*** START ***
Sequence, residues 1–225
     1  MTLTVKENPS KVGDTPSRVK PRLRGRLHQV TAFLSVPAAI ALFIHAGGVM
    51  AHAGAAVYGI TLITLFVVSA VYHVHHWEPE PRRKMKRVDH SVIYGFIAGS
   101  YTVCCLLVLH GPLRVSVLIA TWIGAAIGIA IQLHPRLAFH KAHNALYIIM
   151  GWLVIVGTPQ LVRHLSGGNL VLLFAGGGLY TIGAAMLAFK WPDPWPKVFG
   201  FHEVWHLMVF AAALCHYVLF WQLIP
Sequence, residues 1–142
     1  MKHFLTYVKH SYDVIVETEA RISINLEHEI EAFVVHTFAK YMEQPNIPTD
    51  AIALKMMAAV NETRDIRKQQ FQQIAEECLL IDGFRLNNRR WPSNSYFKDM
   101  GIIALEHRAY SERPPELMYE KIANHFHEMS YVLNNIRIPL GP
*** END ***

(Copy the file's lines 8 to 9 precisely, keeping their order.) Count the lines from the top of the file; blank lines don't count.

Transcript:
     1  MKHFLTYVKH SYDVIVETEA RISINLEHEI EAFVVHTFAK YMEQPNIPTD
    51  AIALKMMAAV NETRDIRKQQ FQQIAEECLL IDGFRLNNRR WPSNSYFKDM